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Hotel Data Maintenance in the GDSs --- It is Still an Issue?

No one will argue that displaying accurate availability, rate and descriptive information in the global distribution systems (GDS) – Amadeus, Galileo, Sabre and Worldspan – is essential. If hotels are to receive their optimum flow of reservations from these systems (and from the Internet-based Web sites associated with them), the information must be correct and kept that way at all times.

In the beginning when hotels first became bookable in global distribution systems, all data updates were manually typed into the central reservation system (CRS) and then entered again into each of the then six GDSs. This labor-intensive data entry was done by chain corporate staff or by representation company staff. In the several years following, hoteliers and GDS management cooperated to take a major stride forward. They developed computerized functions to automatically transfer availability changes from hotel CRSs to the GDSs. The next challenge was to automate the processes for rate maintenance in the GDSs, a task much more complex than it might appear.

On the surface, a room rate appears as a price. In reality, it is associated with considerably more information. A guestroom rate is the price for a specific number of persons in the room; it is for a specific room type, with specific bedding; it is available between a start date and an end date; it may have restrictions on who may purchase it, and it may have associated business rules such as guarantee and cancellation requirements. In short, creating a new rate in the GDSs is a complex process, just as it is in CRSs. Once a rate is initially created, however, revising the dollar amount of the rate – assuming the other factors associated with that rate remain unchanged – is comparatively simple.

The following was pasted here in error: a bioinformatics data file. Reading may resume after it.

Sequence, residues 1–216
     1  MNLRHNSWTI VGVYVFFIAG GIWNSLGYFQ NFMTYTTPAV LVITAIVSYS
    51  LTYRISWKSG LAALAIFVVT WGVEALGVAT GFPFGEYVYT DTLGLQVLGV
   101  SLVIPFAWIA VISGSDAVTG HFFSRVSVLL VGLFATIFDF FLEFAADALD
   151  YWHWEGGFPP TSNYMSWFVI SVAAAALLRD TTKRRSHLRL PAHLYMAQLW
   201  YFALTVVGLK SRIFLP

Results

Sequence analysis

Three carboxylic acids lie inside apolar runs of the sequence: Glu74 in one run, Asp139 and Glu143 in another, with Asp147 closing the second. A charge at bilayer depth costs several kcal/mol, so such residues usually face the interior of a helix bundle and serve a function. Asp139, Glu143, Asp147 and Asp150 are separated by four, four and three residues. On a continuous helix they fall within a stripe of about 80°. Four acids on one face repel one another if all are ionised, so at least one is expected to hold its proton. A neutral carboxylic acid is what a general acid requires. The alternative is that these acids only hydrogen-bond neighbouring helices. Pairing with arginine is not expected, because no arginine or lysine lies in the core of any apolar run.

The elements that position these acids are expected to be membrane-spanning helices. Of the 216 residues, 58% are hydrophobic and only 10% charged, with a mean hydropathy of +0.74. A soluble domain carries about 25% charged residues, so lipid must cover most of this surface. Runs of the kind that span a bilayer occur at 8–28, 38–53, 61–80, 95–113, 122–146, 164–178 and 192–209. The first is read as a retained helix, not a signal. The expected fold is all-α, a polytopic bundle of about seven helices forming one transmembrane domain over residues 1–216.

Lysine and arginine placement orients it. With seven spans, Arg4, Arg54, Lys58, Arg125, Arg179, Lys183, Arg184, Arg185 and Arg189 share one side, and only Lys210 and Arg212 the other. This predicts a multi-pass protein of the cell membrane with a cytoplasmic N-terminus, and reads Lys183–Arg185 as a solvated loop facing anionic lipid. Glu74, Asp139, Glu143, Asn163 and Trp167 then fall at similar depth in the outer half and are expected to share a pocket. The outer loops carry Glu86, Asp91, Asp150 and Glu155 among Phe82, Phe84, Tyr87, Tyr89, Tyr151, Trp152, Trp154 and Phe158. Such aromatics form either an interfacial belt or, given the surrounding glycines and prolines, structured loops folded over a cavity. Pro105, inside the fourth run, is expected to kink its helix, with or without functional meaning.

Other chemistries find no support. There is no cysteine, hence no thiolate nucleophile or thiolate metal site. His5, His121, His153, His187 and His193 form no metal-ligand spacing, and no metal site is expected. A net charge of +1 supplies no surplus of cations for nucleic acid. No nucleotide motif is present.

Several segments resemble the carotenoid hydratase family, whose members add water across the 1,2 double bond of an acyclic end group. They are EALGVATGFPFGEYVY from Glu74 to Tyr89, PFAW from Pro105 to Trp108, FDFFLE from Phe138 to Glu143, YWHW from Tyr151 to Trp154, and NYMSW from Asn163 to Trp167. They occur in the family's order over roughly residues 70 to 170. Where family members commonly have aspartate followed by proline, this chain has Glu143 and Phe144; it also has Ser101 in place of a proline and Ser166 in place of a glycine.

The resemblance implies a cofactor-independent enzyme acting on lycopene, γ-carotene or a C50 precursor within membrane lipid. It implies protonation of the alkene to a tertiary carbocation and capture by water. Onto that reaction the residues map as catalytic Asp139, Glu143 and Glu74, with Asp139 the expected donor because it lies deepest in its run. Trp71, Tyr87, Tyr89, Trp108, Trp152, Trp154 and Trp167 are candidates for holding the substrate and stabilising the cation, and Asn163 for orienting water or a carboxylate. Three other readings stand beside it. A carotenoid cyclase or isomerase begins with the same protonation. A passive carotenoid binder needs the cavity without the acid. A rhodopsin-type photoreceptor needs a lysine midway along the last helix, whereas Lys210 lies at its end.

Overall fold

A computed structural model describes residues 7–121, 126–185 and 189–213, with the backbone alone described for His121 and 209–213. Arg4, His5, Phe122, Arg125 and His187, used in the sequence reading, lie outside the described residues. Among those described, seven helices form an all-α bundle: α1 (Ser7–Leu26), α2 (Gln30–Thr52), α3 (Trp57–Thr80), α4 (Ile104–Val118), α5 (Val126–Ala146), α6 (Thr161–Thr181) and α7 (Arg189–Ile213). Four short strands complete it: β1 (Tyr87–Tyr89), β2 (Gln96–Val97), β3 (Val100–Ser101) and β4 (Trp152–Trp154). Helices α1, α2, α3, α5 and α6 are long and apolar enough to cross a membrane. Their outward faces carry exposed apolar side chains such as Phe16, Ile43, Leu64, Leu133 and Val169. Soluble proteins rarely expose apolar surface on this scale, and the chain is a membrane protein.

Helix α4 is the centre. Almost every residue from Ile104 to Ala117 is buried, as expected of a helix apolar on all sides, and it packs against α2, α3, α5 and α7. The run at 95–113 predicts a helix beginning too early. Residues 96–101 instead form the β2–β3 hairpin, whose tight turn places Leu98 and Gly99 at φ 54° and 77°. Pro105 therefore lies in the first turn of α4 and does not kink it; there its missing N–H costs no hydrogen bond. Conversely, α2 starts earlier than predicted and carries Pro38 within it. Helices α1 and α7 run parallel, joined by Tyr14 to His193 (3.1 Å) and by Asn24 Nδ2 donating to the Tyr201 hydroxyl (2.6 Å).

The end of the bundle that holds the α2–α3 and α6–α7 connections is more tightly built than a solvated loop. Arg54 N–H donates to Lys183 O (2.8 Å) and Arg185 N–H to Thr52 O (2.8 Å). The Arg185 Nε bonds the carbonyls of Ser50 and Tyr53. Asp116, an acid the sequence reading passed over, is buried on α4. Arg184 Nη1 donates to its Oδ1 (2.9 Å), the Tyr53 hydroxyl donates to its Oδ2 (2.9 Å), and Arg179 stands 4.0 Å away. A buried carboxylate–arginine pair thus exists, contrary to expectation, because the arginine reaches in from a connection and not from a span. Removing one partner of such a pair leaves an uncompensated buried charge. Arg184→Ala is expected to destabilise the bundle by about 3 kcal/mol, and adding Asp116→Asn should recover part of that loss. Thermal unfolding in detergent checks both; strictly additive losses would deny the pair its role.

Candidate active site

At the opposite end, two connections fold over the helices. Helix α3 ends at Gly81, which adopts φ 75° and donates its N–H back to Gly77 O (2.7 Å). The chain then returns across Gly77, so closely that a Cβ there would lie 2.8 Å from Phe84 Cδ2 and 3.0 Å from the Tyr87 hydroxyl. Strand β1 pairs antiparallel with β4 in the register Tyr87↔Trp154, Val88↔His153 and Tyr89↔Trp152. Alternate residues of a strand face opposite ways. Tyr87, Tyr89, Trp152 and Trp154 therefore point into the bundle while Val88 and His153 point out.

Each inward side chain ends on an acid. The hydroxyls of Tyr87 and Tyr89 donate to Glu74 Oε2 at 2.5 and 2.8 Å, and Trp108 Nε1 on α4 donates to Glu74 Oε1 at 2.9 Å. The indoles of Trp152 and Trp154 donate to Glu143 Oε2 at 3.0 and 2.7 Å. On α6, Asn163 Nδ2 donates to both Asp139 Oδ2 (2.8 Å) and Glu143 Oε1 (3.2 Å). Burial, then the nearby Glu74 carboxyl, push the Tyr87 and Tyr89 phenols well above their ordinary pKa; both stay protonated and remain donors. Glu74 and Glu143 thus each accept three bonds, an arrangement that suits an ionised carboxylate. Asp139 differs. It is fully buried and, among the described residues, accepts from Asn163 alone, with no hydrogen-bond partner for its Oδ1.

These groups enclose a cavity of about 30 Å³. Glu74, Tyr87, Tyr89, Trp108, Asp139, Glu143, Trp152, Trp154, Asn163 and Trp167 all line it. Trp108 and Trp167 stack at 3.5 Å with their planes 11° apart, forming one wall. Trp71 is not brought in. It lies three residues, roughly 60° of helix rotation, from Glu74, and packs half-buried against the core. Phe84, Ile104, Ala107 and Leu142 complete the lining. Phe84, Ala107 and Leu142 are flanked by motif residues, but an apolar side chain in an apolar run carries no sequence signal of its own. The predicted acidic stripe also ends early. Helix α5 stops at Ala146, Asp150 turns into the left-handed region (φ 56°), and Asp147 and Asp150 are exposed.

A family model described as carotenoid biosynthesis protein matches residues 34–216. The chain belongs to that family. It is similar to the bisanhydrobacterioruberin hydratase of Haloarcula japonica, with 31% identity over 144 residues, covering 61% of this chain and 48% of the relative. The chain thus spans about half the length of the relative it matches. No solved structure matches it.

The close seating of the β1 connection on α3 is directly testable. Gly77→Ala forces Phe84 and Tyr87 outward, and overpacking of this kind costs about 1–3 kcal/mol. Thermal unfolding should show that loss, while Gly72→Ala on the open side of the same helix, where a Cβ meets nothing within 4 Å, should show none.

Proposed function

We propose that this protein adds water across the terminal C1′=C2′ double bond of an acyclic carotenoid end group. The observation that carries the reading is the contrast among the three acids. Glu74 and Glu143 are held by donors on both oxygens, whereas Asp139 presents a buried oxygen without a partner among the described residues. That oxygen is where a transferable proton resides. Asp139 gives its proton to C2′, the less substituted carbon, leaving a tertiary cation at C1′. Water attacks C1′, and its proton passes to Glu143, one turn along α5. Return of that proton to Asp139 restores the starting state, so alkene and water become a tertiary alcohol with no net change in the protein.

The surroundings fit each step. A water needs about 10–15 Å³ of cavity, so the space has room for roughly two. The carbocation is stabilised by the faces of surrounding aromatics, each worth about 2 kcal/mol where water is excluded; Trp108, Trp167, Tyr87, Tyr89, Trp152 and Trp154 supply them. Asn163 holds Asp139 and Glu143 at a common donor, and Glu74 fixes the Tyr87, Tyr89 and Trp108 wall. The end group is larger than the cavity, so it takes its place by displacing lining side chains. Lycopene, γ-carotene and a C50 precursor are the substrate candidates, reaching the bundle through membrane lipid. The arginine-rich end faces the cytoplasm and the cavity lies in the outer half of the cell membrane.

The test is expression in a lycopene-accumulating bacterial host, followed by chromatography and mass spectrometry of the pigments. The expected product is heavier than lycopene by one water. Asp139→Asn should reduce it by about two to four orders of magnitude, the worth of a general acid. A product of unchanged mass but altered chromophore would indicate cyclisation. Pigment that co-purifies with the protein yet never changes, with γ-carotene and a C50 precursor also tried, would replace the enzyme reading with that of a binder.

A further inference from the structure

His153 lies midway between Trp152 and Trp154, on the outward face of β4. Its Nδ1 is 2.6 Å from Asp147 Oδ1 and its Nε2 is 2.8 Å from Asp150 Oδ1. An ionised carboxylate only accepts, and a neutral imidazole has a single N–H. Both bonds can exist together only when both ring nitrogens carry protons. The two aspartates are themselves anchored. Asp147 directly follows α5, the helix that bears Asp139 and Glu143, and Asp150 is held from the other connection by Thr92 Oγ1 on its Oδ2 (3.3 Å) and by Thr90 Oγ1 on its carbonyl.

The challenge to hoteliers to maintain up-to date rates in the GDSs was becoming steadily greater with each passing year. It was not uncommon for the backlog of rate entries waiting to be keyed into the GDSs to be weeks or in worst cases months long. The annual rate solicitation, resulting in hundreds or thousands of new negotiated and corporate rates, was a particular challenge for every hotel company’s data base group.